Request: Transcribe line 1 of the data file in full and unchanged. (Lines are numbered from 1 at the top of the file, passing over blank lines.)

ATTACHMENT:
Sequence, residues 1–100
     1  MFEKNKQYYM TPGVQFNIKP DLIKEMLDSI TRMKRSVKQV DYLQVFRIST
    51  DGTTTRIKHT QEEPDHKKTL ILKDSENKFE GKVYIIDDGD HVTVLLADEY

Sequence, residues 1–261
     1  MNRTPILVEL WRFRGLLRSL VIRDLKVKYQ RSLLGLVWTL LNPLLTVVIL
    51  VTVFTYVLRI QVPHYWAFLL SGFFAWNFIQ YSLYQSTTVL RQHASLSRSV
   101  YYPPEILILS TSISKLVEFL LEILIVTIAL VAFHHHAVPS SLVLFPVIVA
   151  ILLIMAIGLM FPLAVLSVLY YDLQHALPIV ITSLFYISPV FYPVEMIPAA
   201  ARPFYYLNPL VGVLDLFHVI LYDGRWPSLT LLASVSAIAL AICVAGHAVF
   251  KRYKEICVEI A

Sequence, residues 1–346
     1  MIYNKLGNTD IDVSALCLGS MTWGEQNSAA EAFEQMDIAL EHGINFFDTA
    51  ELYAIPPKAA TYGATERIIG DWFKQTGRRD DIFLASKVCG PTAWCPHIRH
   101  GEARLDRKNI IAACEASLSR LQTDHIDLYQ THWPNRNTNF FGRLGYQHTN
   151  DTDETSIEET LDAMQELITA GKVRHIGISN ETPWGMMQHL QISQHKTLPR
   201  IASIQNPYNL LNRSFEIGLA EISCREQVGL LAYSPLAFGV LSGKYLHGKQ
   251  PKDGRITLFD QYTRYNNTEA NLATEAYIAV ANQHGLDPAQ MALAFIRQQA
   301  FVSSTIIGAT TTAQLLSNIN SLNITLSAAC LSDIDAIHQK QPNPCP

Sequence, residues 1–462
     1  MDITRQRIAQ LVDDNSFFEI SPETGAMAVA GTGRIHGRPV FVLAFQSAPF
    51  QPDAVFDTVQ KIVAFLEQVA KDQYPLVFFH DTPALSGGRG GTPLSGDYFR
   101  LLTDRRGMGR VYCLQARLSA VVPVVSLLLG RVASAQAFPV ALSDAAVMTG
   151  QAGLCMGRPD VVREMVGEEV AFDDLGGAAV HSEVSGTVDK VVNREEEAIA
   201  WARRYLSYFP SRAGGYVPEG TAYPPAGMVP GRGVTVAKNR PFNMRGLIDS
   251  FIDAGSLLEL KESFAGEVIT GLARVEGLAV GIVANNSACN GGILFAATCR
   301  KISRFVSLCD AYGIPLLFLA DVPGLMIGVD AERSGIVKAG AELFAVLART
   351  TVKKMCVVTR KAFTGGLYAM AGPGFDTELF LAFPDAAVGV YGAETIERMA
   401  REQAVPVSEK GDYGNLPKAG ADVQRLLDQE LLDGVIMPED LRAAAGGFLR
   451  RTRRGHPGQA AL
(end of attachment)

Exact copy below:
Sequence, residues 1–100